Sadcecile17 karma

Hi Mr. Santana, I´m a mexican journalist and I salute you from Santiago de Chile. I'm working on my degree essay about "Proyecto Inocentes", the chilean version of The Innocence Project and I'd really appreciate if you can give me an opinion about your concept of "injustice"; tell me about your contact with The Innocence Project and the importance of the DNA tests as a mandatory issue, more than the witnesses' statement for all the legal systems in Latin America. Thanks.

InnocenceProject21 karma

I work with the Innocence Project to talk about false confessions and how real they are. I think that DNA testing is very important. In our case it was done and it proved early that we were not the perpetrators in this case, but due to the public outcry the headlines were so outrageous that people just bypassed it and ignored it.

tatyanabellamy15 karma

what systematic or institutional changes do you think should be made to end wrongful convictions?

InnocenceProject31 karma

Interrogations should be filmed from the start. We live in a day and age when awareness needs to be put out there to prepare our kids for being stopped and frisked. People need to keep an open mind on the end of the day and not let the media sway them or make them so quick to judge. We need to look at policies and procedures of institutions like the police department, prison reform.

fredmerz15 karma

Hi. Just wanted to say thanks for doing this AMA. Hearing your story in Central Park 5 tipped me over the edge when I was considering applying to law school and also led to me volunteering at the Innocence Project (still in law school and volunteering at IP was an incredible experience). As many people as possible should hear about what the city did to you guys and how quickly the public embraced the state's narrative. It's absolutely horrific and terrifying.

InnocenceProject21 karma

Thank you for volunteering at the Innocence project. And thank you for your incredible words. They are greatly appreciated.

Rdlark113 karma

What can we do to help you and the other 4 men in this case...and your families?

InnocenceProject28 karma

First of all you can spread the word about the film, about this case in general, also you can write a letter to our future Mayor, Bill de Blasio and ask him to settle this case.

KushTheKitten9 karma

If you could say anything to the Chief of Department of the New York City Police Department, what would it be?

InnocenceProject20 karma

I mean unfortunately Kelly was not the police commissioner at the time that this crime occurred. But for him not to take any responsibility for police action, it has been the total opposite, where they issued a report saying we were still guilty. And so it's very hard to answer that, because at the end of the day Kelly still has a resistance, not just with our case but the city of NY in general, when you look at Stop and Frisk and all the numerous other cases where there has been police misconduct and the commissioner always takes the side of the police. So at the end of the day he should be replaced.

tatyanabellamy6 karma

Hi, thank you for sharing your story as a young person it truly is inspiring and humbling. I have a few questions below.

  1. What was your initial reaction to the verdict at 14 ?
  2. What words of advice from your father encouraged you to stay strong during the trial ?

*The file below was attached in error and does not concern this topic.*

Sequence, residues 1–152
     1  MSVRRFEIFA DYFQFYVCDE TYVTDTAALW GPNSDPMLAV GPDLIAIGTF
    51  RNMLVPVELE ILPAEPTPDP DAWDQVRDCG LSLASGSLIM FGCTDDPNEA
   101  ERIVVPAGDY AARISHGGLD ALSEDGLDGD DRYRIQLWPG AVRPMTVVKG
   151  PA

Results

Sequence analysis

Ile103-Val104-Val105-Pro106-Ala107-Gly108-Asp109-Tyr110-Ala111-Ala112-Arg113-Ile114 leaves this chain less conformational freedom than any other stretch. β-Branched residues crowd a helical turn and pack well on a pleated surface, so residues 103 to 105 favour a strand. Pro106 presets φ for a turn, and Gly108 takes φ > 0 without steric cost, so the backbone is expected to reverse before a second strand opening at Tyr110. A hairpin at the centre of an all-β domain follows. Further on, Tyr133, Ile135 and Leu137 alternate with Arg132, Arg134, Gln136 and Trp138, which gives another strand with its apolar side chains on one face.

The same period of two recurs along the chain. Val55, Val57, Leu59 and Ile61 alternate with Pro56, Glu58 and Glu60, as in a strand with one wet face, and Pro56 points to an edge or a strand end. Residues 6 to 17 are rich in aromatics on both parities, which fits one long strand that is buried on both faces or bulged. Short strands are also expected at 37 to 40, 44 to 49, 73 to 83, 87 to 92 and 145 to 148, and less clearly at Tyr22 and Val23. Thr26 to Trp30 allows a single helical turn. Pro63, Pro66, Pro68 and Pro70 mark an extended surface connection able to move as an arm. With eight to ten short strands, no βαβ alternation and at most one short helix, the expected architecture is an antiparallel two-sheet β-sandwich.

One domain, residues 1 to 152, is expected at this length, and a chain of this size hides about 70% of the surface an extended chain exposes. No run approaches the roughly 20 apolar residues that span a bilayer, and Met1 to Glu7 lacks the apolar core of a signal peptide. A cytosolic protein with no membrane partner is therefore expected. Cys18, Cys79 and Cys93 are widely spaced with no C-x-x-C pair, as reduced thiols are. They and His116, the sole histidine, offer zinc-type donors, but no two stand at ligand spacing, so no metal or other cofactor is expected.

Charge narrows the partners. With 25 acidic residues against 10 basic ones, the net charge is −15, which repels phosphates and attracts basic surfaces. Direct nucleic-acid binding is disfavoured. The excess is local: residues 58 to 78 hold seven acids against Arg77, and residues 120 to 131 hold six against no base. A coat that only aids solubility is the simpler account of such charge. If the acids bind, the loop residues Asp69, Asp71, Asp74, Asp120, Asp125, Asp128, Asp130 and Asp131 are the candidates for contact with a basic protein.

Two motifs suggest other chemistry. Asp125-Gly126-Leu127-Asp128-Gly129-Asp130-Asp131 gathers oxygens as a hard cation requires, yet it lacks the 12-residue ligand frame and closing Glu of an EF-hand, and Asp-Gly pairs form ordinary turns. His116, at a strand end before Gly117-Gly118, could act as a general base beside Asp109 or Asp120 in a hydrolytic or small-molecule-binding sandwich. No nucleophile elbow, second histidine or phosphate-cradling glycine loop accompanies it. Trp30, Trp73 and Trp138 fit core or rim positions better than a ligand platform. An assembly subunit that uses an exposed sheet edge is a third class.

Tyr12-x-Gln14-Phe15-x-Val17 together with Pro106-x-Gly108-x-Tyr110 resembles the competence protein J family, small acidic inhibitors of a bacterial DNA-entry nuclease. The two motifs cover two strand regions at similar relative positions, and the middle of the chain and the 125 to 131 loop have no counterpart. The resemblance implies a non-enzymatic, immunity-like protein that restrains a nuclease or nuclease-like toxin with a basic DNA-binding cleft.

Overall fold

3. What did you miss most about your youth while incarcerated?
  4. After years of incarceration, how did you reconnect with society?
  5. How did you get past the stigma of being incarcerated?
  6. In wake of the recent Trayvon Martin verdict, how do you think young Africans Americans are still stigmatized today?
  7. Why is it important to keep your voice present in media?
  8. What do you hope youth can learn from your experience?

InnocenceProject19 karma

1 Well, I was kind of stunned. But they read, I think, it was Antron's verdict that was read first. And once I heard all the "guilty's" on the charges, I knew that was going to be my fate also.

2 I mean it was not any advice, it was more of an example, just him showing up to see me at the trial, him showing up to see me 2 or 3 times a week at the prison was strength.

3 Not being able to just be a 14 year old kid. I missed birthdays, I missed holidays, I missed connecting with my family, going to my dad for advice, for my first date or how to fill out a job application.

4 Well it was hard, because there was no transitional programs, they just dropped us off and expected us to function. So everything we did we had to earn on our own, or we had some type of help from a family member or somebody within the community. What people take for granted, just riding the subway, you had to get used to that all over again.

5 You never get past it, it's still there. This case will go with me to the grave.

6 I mean if you just look at the Daily News, the kid who purchased the $350 belt at Barneys. They should have explained it to him as a customer rather than calling the police.

7 Because at the end of the day you don't want people to forget what happened. We are still dealing in a legal battle and as long as your voice stays out there the system will know they will have to deal with you. They want to sweep it under the rug, to stall and weigh you down, so keep your voice out there so people will never forget what happened. Because what happens is once they forget. Those who would help really want to help, help keep it a hot issue so politicians can't sweep over it.

8 That the experience is real. That it happens every day. And it's all about awareness. We don't want kids to be afraid, we want them to have their voice and be kids. All kids.

tatyanabellamy5 karma

Thank you

How did your father help you keep your strength during the trial?

InnocenceProject7 karma

It was very hard for him. Like I said earlier, he developed a drinking problem. For him, the ultimate goal of a parent is to protect their kid when there is a situation, and at that point he felt he failed as a parent because he could not exercise his ability as a protector and save me out of this situation. But he always supported me.

tatyanabellamy3 karma